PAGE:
WASHINGTON — Officials on Thursday announced that the Biden Administration plans to invest more than $3.2 billion in developing antiviral medicines to treat COVID-19 and other viruses “with pandemic potential.”
The program, dubbed the Antiviral Program for Pandemics, is aimed at developing effective antiviral medicines that can be taken by mouth early in the course of a COVID-19 infection. Dr. Anthony Fauci, chief medical adviser to the president and director of the National Institute of Allergy and Infectious Diseases, and Dr. David Kessler, chief science officer for the Biden Administration’s COVID-19 Response Team, began brainstorming the idea late last year, according to The Washington Post.
“New antivirals that prevent serious COVID-19 illness and death, especially oral drugs that could be taken at home early in the course of disease, would be powerful tools for battling the pandemic and saving lives,” Fauci said Thursday in a news release.
The pills for COVID-19, which would be used to minimize symptoms after infection, are in development and could begin arriving by year’s end, pending the completion of clinical trials. The funding will speed those clinical trials and provide additional support private sector research, development and manufacturing.
The program will provide funds to speed up clinical trials of some promising antiviral drug candidates, The New York Times reported.
“The focus was to reinvigorate the nation’s antiviral program over the next three to five years. What’s become more clear, as the pandemic has come into focus, is we have to do it this fall,” Kessler said, according to the Post. “We need this set of tools to close out this pandemic. … The hard thing is to recognize with all the success, there’s still several hundred deaths a day.”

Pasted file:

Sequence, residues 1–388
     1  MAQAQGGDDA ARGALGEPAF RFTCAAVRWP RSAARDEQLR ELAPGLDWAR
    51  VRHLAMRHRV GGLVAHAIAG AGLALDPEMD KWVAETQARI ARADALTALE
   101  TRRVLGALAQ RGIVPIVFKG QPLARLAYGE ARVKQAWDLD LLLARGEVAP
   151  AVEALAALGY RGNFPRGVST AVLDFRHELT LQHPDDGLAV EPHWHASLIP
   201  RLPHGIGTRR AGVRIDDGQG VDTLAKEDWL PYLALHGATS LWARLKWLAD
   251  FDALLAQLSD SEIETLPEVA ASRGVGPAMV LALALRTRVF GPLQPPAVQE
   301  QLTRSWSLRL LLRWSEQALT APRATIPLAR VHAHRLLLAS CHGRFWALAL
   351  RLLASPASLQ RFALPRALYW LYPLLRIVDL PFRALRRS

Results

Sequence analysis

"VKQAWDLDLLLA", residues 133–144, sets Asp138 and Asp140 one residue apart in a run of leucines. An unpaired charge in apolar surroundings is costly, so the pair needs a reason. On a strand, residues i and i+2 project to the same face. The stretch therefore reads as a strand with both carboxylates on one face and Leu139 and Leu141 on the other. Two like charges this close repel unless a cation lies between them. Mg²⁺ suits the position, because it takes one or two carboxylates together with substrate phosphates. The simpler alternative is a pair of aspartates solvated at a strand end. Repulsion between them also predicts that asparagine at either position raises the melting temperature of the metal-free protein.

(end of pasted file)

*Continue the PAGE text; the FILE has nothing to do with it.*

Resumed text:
Researchers tried using existing antiviral medications on people hospitalized with severe COVID-19 infections at the start of the pandemic, though many trials showed no benefit to using the drugs, according to the Times. The newspaper reported that scientists have since learned that “the best time to try to block to coronavirus is in the first few days of the disease, when the virus is replicating rapidly and the immune system has not yet mounted a defense.”
Last week, officials with the Department of Health and Human Services announced a $1.2 billion deal to purchase 1.7 million doses of molnupiravir from Merck if the drug gets approval or authorization for emergency use from the U.S. Food and Drug Administration. The antiviral drug is being studied in COVID-19 patients who are not being hospitalized, but who have “at least one risk factor associated with poor disease outcomes,” according to Merck officials. The company is developing the drug in collaboration with Ridgeback Biotherapeutics.
Thursday’s announcement came as officials continue to encourage Americans to get vaccinated against COVID-19. As of Wednesday, the last date for which data was available, 175 million people had gotten at least one dose of any of the COVID-19 vaccines available nationwide, amounting to 52.7% of the population, according to figures from the Centers for Disease Control and Prevention. About 44% of the population, or 146.4 million people, have so far been fully vaccinated.
As of Thursday, nearly 33.5 million COVID-19 cases had been reported across the U.S., resulting in more than 600,000 deaths, according to a tally from Johns Hopkins University. Globally, 177.1 million COVID-19 cases have been reported, resulting in 3.8 million deaths.
The Associated Press contributed to this report.
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